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Regulation on the sale of electricity and incentives for ‘prosumers’ are set to be the biggest barrier for industry-wide adoption, as grid operators in Southeast Asia remain conservative. The viability and eventual commercialization potential of pilot projects will be determined by several factors including regulatory reform, infrastructure limitations in a region, and the acceptance of grid operators to pilot new technologies. There is also a need for new business models for a decentralized sector, that compensates a larger number of players than the status quo and focuses on the evolving role of utilities to prioritize equipment maintenance and management than generation.

However, the large amounts of funding from venture capitalists, utilities, and multilateral organizations into R&D and pilot project indicates interest in the technology’s potential to democratize energy in Southeast Asia. Asia Pacific received over 34% of overall investment in energy-related blockchain projects between 2017 and 2018, and over 30% of this funding was directed towards applications in Southeast Asian markets.

It is projected that blockchain applications will emerge into mainstream adoption by 2030. Success for the technology in the energy sector, therefore, will develop in phases depending on technology maturity and speed of regulatory reform in different markets.

Beyond the hype of cryptocurrencies, blockchain is expected to advance decentralization and digitalization of Southeast Asia’s energy markets. There is a new urgency for prosumer-centric regulatory reform in the region to meet climate and carbon reduction goals and drive large-scale solution adoption. 2019 will be a crucial year for energy blockchain as several markets, including Singapore, Malaysia, and Thailand, further reform policies for liberalization and projects transition into commercial stages.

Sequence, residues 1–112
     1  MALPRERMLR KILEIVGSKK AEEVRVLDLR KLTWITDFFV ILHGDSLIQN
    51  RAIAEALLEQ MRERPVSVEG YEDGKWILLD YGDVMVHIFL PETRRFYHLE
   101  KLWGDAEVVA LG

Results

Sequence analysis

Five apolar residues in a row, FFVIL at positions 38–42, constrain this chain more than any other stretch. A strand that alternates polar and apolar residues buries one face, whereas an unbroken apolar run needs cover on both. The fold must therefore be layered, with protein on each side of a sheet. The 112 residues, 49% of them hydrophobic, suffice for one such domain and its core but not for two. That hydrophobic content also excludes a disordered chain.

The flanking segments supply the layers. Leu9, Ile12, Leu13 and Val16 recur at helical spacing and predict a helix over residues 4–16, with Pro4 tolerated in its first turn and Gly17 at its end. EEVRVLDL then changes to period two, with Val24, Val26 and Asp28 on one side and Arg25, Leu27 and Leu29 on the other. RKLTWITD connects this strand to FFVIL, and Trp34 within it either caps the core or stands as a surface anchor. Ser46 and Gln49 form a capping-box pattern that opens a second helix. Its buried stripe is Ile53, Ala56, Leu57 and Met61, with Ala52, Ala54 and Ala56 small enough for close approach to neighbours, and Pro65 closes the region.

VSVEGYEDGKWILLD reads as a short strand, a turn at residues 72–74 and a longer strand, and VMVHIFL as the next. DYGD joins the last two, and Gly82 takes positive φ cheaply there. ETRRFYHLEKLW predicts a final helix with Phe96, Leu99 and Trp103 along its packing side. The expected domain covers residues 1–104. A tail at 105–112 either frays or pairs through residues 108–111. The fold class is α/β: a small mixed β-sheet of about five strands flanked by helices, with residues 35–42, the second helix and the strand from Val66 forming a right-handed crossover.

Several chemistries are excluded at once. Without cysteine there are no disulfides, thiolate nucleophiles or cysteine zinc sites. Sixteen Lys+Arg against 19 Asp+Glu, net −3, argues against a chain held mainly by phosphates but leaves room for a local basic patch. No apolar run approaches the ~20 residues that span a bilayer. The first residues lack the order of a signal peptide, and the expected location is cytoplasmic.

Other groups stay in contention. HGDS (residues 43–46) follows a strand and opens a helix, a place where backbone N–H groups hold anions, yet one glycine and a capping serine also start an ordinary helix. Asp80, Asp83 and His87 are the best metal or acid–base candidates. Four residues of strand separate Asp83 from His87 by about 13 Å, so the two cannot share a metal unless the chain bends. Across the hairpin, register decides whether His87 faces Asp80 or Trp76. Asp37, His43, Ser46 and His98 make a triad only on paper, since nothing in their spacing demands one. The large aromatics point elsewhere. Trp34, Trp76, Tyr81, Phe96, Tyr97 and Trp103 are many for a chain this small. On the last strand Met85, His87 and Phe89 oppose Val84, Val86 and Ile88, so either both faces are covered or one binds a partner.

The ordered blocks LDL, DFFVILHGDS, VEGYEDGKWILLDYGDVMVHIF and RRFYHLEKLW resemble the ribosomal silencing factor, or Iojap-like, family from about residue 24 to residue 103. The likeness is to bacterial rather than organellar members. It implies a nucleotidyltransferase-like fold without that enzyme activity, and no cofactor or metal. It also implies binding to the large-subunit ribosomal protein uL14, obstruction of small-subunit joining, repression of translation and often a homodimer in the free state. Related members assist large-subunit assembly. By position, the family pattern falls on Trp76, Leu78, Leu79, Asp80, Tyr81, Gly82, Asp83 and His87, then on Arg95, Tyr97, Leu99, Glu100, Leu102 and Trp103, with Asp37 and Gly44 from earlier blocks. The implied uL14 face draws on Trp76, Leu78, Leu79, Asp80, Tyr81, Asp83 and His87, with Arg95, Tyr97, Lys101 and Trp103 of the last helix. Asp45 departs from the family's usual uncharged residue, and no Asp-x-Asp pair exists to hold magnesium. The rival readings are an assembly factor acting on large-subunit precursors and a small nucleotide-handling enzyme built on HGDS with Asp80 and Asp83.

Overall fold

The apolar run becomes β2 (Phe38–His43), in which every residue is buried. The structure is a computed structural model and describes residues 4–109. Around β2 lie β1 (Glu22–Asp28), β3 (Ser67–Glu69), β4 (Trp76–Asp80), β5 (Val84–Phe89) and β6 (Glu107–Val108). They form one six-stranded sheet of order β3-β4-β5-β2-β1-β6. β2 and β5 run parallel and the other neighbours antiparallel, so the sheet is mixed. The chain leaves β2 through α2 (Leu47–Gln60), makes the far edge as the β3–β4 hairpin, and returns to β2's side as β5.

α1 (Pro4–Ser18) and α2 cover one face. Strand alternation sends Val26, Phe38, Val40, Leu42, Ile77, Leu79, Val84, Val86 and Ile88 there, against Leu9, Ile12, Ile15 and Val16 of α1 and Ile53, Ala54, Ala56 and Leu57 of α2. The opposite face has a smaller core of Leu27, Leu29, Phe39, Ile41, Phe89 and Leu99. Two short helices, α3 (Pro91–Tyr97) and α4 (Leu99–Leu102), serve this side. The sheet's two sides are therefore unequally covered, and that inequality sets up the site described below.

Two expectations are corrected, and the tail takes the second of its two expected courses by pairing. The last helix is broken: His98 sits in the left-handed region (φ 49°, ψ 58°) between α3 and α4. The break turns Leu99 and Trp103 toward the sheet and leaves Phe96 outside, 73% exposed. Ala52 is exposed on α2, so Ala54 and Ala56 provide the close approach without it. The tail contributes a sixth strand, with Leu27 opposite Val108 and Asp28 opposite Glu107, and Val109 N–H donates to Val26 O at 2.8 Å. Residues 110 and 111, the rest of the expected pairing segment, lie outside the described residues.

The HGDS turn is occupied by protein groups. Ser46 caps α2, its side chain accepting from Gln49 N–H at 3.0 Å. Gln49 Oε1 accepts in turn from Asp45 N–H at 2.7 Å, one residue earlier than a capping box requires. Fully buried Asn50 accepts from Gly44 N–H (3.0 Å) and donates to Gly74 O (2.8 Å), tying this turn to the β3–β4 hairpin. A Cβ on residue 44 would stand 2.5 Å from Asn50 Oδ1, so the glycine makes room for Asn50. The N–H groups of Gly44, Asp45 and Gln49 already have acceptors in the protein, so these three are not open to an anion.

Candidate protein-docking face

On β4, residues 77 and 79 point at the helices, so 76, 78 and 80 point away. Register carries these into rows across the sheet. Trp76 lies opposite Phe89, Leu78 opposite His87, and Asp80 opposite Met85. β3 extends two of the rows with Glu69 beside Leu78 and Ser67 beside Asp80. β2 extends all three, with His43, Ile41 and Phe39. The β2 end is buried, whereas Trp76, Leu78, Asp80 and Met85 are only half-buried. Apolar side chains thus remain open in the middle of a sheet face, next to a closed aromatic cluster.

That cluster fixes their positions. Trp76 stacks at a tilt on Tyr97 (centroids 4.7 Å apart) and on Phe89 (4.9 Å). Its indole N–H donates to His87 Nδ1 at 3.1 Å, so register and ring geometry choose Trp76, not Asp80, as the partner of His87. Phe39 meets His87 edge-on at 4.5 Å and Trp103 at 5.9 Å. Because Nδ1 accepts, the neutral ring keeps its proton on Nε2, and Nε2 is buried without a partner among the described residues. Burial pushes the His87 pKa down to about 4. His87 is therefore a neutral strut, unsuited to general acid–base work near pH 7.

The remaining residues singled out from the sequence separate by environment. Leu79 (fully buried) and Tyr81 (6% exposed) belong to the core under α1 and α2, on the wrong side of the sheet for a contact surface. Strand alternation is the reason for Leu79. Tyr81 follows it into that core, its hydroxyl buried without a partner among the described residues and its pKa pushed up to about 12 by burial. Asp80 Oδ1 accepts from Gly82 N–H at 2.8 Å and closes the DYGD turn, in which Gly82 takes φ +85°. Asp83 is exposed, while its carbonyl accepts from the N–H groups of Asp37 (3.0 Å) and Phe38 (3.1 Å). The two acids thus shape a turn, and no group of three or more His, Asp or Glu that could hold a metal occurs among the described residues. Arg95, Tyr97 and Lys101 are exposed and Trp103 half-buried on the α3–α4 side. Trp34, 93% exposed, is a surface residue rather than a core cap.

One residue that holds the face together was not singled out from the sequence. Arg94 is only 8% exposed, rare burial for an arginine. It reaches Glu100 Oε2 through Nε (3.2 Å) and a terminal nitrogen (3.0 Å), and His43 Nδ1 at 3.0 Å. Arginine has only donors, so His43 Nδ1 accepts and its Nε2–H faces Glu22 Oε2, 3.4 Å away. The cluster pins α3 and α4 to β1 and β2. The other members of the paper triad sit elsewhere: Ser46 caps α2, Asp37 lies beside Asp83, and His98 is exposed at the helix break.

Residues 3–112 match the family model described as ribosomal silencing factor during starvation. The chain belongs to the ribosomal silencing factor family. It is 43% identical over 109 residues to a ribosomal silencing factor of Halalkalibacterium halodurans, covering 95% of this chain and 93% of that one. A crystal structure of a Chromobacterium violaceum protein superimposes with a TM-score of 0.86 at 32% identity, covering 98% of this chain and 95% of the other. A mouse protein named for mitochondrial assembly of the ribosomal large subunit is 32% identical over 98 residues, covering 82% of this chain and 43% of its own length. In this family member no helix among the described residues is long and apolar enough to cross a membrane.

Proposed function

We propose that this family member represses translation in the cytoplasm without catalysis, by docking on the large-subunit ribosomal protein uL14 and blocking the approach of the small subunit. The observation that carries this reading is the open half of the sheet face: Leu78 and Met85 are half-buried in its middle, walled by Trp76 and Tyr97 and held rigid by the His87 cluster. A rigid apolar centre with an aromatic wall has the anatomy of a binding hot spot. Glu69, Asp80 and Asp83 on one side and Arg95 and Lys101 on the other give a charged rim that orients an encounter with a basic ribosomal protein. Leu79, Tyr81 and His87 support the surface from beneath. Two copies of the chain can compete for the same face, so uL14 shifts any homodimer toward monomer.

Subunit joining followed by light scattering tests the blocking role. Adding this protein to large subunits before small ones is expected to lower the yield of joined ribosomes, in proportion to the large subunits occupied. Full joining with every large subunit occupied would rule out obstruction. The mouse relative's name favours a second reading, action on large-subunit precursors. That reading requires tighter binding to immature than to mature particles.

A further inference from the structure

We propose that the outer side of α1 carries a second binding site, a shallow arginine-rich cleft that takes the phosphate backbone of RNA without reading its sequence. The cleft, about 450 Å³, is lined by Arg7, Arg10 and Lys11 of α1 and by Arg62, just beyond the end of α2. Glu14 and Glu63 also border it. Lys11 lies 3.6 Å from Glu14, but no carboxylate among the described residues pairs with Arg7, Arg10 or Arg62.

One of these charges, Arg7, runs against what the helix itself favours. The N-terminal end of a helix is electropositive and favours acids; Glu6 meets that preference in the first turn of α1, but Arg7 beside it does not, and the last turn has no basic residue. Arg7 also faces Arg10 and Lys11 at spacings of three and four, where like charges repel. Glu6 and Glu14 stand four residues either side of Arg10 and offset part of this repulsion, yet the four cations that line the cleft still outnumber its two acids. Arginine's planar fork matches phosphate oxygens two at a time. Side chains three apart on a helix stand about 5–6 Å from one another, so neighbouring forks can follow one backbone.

Contributed by Vertech Capital

About the Author:

Lathika is an electrical engineer who has worked with a range of startups and companies and energy innovation projects. Her key areas of focus include infrastructure development for sustainable urbanization and digital innovations in energy. She has overlooked the acquisition and management of projects focusing on decentralized autonomous energy exchanges using blockchain, Internet of Things (IoT), energy storage systems and electric vehicles in Southeast Asia. She is also a winner of the UN Environment’s Asia Pacific Low Carbon Lifestyles Challenge, and has represented energy startups at various international stages including the Echelon Top 100 APAC Startups and the Startup Energy Transition.